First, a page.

Ultimately, the goal of being professionally irreverent is to contribute positively to the work environment. It’s not about being disruptive for the sake of it but rather about bringing energy, creativity, and a sense of fun or playfulness that enhances the overall workplace atmosphere.

 


 

How can we embrace this idea as individuals to create better opportunities for the people we serve and ourselves?

 

Being professionally irreverent starts with how you respond to things that you don’t agree with or don’t think make sense. Do you go straight to your colleague’s text thread and fire off some unfortunate memes?  Do you stand in the hall and throw your hands up in disbelief?  Or do you see yourself as a victim who is not in a position to influence change?   Professionally irreverent leaders understand where the windows of influence are open and where they are closed and carefully navigate those spaces with good intent.   A few key practices that I encourage individuals to consider:

  • Get clear about what gives you pause.  Is it a core value conflict?  An issue of workload?  Is it an area of philosophical tension?  Understand what it is that you are wondering about so that you can be clear about how you should respond.  All emotions are valuable, but not all should be weighed equally, so be careful which ones drive your actions.  A rule of thumb I practice is to never make big decisions when you are feeling big emotions. 
  • Propose innovative solutions:  What are other ways of getting the interest?  Avoid the inclination to suggest things be discarded completely in favor of approaching them differently. Present your ideas in a constructive and well-thought-out manner, emphasizing the potential positive impact on the situation.
  • Look for diverse perspectives: It’s easy to surround ourselves with people who think like us and often agree with our perspectives.  However, living inside an echo chamber where all the ideas are the same limits our view.  Actively seek out and appreciate diverse opinions within your team or organization. Do you have any blind spots?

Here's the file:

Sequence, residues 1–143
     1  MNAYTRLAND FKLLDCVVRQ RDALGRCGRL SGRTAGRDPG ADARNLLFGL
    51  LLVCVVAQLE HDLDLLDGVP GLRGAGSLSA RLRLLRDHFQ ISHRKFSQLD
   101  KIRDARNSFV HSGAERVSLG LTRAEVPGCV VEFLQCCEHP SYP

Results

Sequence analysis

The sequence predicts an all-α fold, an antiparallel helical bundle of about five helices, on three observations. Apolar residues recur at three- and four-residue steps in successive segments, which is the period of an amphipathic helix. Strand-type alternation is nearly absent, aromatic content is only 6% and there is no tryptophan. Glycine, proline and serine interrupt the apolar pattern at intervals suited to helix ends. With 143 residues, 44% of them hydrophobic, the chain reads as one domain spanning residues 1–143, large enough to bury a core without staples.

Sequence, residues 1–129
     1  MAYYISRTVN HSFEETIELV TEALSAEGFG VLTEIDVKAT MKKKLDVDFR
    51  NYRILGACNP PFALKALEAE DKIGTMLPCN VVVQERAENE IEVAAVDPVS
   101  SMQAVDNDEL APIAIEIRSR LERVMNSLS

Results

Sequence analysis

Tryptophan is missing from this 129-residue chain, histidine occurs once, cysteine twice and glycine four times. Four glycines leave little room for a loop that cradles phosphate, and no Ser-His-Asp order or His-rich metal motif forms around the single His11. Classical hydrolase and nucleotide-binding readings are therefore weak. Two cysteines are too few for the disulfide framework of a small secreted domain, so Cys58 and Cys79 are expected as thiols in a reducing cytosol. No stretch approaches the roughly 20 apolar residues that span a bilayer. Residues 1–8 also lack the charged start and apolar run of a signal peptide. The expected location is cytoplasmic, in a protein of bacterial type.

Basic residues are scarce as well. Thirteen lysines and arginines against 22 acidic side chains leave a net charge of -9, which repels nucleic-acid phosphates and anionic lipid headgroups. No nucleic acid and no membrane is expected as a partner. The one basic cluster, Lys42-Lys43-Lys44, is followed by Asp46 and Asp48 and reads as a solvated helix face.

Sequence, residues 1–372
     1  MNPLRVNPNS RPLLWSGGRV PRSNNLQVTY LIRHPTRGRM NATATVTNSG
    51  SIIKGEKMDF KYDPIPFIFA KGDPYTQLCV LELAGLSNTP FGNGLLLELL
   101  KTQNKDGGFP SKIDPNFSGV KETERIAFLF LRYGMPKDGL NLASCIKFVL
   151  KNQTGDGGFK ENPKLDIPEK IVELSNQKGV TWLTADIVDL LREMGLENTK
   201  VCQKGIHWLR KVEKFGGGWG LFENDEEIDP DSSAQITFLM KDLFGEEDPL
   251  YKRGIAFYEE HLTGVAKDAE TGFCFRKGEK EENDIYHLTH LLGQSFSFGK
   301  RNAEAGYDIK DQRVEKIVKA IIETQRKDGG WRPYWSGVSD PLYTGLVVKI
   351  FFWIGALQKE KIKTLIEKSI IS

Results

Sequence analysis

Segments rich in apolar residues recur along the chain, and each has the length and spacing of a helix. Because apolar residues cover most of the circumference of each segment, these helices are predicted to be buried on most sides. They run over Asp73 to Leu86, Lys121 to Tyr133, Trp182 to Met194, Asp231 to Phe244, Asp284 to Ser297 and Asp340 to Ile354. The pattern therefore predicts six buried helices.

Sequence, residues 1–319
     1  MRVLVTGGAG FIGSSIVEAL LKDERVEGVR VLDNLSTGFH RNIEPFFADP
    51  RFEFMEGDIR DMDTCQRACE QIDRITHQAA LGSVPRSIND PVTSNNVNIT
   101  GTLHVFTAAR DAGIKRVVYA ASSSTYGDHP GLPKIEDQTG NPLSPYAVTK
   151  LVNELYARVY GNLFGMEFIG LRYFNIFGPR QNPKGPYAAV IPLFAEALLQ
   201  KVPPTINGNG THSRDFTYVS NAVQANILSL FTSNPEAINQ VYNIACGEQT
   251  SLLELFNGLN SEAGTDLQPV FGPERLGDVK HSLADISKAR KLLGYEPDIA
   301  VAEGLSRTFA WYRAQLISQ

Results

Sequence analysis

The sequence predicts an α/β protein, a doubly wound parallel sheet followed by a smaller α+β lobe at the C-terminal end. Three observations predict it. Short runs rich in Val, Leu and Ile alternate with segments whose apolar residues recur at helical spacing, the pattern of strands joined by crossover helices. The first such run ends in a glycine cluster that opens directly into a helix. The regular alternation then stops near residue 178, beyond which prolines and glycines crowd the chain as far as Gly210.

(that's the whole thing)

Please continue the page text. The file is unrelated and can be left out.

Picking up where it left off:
How can administrators create an environment where people embrace and lean into the idea of “professionally irreverent” to create better learning experiences and opportunities in education?

 

I fundamentally believe that the primary function of leadership is to create the conditions for others to thrive.  In this way, creating an environment that encourages a professionally irreverent mindset in education requires a thoughtful and intentional approach from administrators.  Here are several strategies to consider:

  • Promote purposeful innovation:  Encourage your staff to work within the expectations of the organization but find the field of choice. This means that even within the structured space of mandated curricular products and approaches, encourage educators to experiment with new teaching methods, technologies, and ways to enhance learning experiences. This includes recognition that celebrates staff who implement innovative teaching methods or approaches that yield results in non-traditional ways.
  • Solicit and act on feedback:  Leaders should engage in cycles of feedback that are acted upon and consistent.  This means, not relying on just the annual organizational climate survey, but regularly asking “What is something that we should continue that supports your work?” and “What is something to reconsider or review?” This should be followed by feedback on feedback or “you said, we will” to demonstrate what feedback will be acted upon, considered, or reviewed. 
  • Model professional irreverence: Administrators should embody a professionally irreverent mindset themselves, demonstrating a willingness to challenge the status quo and embrace innovative ideas. Show where you have changed your mind, changed course, or decided to pause based on what others have shared with you. Make that thinking visible by creating an open space to question and challenge ideas, inside of being clear how decisions are made and where influence or change possibilities exist. 

 

In education, organizations, and every space in between, we will always be confronted with ideas to interrogate, processes to autopsy, and approaches to consider. 

A spirit of professional irreverence will bring candor that generates trust and a commitment to getting it right!

 

Written by Dr. Sarah Sirgo; Please check out her website here!